Narrative of the Life of Frederick Douglass, an American Slave

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Narrative of the Life of Frederick Douglass, an American Slave: A Masterpiece of Propaganda

When was the last time you were exposed to propaganda? If you think it was more than a day ago, you are probably unaware of what propaganda really is. According to Donna Woolfolk Cross in “Propaganda: How not to be Bamboozled,” propaganda is “simply a means of persuasion” (149). She further notes that we are subjected daily to propaganda in one form or another as advertisers, politicians, and even our friends attempt to persuade us to use their product, vote for them, or adopt their point of view. Propaganda is usually considered in a negative sense. However, when viewing propaganda as mere persuasion, one can readily appreicate that it is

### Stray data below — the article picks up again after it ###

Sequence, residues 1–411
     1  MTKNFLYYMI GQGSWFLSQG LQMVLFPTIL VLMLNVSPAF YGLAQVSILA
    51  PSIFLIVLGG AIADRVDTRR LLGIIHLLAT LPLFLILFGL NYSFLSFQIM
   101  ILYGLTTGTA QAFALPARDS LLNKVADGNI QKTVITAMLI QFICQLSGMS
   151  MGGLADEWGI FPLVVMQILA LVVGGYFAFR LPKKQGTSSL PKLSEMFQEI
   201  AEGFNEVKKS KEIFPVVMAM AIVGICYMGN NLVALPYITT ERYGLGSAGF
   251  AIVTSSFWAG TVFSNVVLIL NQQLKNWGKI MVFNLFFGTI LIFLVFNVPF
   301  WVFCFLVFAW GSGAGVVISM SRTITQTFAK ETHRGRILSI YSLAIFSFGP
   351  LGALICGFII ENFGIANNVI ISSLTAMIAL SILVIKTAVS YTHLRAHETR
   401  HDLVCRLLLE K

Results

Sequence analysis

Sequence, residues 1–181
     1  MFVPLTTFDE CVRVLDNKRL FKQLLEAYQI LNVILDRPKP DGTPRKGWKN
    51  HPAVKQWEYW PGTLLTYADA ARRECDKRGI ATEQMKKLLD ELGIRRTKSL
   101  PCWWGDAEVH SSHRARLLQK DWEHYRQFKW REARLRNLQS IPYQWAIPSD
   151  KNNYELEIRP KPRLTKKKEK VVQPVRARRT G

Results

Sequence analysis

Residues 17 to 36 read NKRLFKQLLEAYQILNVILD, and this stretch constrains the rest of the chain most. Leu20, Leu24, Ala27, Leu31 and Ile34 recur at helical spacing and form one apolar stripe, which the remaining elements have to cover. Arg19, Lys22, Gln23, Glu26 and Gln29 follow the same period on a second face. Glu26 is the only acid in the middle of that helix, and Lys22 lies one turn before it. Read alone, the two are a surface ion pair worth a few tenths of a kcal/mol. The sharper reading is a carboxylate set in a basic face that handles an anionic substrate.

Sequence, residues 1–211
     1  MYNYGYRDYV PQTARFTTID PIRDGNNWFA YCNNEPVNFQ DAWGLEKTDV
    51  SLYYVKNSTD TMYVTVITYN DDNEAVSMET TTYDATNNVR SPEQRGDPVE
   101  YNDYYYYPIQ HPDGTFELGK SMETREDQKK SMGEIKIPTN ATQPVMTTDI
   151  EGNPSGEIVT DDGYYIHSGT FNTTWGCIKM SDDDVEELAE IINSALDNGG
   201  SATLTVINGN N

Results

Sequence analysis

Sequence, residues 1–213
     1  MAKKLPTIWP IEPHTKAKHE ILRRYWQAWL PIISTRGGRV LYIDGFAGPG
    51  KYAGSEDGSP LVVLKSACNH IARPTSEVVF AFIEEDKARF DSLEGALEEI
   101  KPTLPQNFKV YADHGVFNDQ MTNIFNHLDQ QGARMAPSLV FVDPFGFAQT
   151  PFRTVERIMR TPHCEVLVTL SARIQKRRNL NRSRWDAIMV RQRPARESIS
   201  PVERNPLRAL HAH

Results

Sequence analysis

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Although the work was ostensibly written to prove that Douglass had actually been a slave, according to critic Houston A Baker, Jr. “the light of abolitionism is always present” (584). Douglass, working for the abolitionist group, wrote for a specific audience: white Puritan Christians whom the abolitionists hoped to convert to their way of thinking. Thus, what began as a telling of life experiences evolved into a mighty tool of persuasion.

As does all propaganda, Douglass’ Narrative contains certain elements that appeal to the emotions of the reader. This emotional hold allows the writer to sway the opinion of the reader. The various devices employed in his artful promotion of abolitionism are especially worthy of note, for, although a self-taught writer and orator, Douglass makes use of sophisticated elements of persuasive writing.

Most evident of the literary devices he uses is his treatment of language to manipulate or produce an impression. In Douglass’ highly descriptive manner, he makes liberal use of “charged words,” those words which by their connotation “carry a judgment of a person or situation” (Birk and Birk 54). The use of words with unfavorable connotations (charges) emphasizes the negative aspect of a character or situation, whereas the opposite effect is produced by the use of
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